Following the publication of The Truth, Reconciliation and Reparations Commission (TRCC) report, The Gambia will consider amnesty for individuals who made full and remorseful disclosure before the commission and were not involved in crimes against humanity.
Such people have 14 days to apply for the amnesty, starting from December 24, the date the TRCC report was made public.
“In line with Section 19(1) of the TRRC Act any adversely mentioned individual who has previously appeared before the Commission and made a full disclosure of his or her involvement in human rights violations and abuses and has expressed remorse is hereby granted a period of 14 days to apply to the Commission for amnesty,” a statement by Dawda Jallow, Gambia’s attorney-general and minister of justice reads.
The statement notes that applications will be reviewed over a six weeks period after which a report would be sent to the president. It further states that ‘where the Commission refuses an application for amnesty it shall give reasons for its refusal in writing to the applicant and any other person who in relation to the offence is a victim.’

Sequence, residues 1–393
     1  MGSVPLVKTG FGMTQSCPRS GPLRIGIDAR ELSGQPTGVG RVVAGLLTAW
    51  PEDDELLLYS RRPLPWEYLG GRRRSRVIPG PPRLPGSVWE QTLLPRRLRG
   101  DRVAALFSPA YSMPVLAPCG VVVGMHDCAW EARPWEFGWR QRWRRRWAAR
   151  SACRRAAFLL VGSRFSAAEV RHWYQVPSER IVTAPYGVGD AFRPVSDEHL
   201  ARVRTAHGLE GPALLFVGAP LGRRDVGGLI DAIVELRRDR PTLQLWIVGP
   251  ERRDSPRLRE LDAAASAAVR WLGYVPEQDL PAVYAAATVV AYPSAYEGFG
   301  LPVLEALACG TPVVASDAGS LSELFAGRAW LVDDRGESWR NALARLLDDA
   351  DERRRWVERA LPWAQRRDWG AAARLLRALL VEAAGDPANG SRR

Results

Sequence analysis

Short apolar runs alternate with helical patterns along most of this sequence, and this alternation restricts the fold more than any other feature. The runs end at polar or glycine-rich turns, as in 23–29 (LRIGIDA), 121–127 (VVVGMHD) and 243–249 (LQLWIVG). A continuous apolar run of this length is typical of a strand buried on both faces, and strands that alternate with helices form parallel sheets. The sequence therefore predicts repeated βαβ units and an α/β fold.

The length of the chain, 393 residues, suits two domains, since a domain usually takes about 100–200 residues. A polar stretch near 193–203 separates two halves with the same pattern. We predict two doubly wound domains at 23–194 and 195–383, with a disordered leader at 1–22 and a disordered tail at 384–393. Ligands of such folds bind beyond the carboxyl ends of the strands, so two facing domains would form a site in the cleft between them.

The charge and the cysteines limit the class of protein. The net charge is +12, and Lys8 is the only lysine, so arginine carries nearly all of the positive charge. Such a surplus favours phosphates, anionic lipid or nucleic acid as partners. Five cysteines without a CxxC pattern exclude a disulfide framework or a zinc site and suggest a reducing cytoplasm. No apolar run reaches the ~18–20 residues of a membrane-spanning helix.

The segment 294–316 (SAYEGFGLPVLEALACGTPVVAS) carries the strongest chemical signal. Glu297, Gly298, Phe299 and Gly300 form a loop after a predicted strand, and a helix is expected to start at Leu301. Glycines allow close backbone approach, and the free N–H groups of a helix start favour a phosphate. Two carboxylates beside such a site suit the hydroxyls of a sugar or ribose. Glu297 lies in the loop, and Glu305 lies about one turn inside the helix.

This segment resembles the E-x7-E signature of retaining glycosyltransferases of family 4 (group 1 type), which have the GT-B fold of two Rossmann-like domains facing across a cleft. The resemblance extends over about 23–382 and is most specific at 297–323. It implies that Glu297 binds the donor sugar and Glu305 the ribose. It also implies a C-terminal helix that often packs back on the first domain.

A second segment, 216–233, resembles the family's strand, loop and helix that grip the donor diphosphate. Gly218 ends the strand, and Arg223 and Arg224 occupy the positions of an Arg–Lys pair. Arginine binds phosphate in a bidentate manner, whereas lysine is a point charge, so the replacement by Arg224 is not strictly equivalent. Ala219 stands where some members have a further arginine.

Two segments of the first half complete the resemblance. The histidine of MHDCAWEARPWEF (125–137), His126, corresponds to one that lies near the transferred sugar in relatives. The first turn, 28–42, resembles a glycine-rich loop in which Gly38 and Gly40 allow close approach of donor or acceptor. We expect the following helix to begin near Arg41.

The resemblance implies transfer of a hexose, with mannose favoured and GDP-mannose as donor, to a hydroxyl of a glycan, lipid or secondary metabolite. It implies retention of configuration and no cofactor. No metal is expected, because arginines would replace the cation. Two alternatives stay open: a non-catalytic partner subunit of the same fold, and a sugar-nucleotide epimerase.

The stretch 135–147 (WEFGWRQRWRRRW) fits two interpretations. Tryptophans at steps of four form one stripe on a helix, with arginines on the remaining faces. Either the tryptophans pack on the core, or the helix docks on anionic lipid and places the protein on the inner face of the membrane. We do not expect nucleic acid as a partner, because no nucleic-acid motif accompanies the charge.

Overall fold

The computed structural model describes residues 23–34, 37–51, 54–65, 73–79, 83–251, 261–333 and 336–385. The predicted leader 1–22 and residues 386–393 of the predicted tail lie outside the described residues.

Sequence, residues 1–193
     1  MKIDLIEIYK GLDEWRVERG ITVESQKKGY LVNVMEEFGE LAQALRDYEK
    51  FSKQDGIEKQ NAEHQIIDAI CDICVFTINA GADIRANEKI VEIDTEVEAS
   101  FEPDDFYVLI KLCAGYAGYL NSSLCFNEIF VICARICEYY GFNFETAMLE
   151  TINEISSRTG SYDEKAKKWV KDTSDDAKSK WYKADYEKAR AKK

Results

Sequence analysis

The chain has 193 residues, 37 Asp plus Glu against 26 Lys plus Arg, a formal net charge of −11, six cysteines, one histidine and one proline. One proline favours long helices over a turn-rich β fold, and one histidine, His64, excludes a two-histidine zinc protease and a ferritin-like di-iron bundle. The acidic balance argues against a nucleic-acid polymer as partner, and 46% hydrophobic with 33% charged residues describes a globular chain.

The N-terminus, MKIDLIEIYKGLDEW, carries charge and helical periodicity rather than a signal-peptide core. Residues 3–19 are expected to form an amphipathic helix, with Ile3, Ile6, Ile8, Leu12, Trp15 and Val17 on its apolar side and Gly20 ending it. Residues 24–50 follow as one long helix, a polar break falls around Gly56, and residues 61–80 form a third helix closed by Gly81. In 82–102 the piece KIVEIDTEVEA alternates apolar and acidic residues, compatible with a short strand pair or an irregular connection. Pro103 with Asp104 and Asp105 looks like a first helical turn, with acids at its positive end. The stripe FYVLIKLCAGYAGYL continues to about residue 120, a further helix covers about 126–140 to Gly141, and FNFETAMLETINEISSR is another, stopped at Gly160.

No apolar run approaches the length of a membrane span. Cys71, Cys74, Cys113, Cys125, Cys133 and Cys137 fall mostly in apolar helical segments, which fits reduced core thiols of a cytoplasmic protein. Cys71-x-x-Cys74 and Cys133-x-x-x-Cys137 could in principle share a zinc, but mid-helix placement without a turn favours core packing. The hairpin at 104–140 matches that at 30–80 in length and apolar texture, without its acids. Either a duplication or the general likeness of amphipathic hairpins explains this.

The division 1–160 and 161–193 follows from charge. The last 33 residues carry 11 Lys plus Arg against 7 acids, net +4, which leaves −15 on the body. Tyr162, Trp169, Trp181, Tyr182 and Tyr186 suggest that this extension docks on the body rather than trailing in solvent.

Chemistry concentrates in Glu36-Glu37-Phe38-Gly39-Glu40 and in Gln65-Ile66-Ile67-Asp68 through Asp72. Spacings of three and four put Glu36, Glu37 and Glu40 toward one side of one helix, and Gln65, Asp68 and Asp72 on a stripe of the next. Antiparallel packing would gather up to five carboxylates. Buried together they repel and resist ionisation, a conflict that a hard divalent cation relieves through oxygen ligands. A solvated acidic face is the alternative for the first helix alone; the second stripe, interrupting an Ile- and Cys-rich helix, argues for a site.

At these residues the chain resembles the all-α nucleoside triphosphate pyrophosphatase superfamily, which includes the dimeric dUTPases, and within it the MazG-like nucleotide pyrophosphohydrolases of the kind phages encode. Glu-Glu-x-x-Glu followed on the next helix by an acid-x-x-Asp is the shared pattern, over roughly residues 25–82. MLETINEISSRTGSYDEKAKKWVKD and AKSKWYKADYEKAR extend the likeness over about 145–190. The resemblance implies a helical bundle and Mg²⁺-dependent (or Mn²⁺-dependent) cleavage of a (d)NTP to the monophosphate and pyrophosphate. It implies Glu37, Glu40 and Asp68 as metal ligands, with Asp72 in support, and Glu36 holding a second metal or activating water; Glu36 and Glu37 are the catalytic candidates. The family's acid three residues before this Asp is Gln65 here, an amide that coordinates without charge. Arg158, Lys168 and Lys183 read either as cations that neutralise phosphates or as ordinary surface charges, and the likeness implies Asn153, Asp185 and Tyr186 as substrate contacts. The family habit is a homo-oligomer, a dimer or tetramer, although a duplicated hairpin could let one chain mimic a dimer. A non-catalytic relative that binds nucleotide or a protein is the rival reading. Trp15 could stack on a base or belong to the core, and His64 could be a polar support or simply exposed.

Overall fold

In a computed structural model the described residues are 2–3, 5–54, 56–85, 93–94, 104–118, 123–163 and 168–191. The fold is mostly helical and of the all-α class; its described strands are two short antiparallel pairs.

The call is a reaction to the TRCC report which recommends the prosecution of Yahya Jammeh, the erstwhile dictator who ruled the country for 22 years.
The TRCC report, which followed over three years of consultations and hearings, found that Mr Jammeh was guilty of high-level extra-judicial killings, attacks on the press and opposition, among other vices. The commission recommended that Mr Jammeh, alongside accomplices, be prosecuted.
With this call for amnesty, the process for the drafting of a white paper and eventual implementation of the recommendation has begun – but not all will be considered for amnesty.
“In line with Section 19(3) amnesty shall not apply to acts which form part of a crime against humanity,” the statement reads further.
It notes that the applicants will be presumed innocent until proven guilty. The call for amnesty application is part of the process that will lead to the issuance of a white paper on or before May 25, 2022.
In an interview with journalists including PREMIUM TIMES reporters a few days after his re-election in December, Mr Barrow said that the report would go through some processes, lasting about seven months, before a final draft would be adopted.
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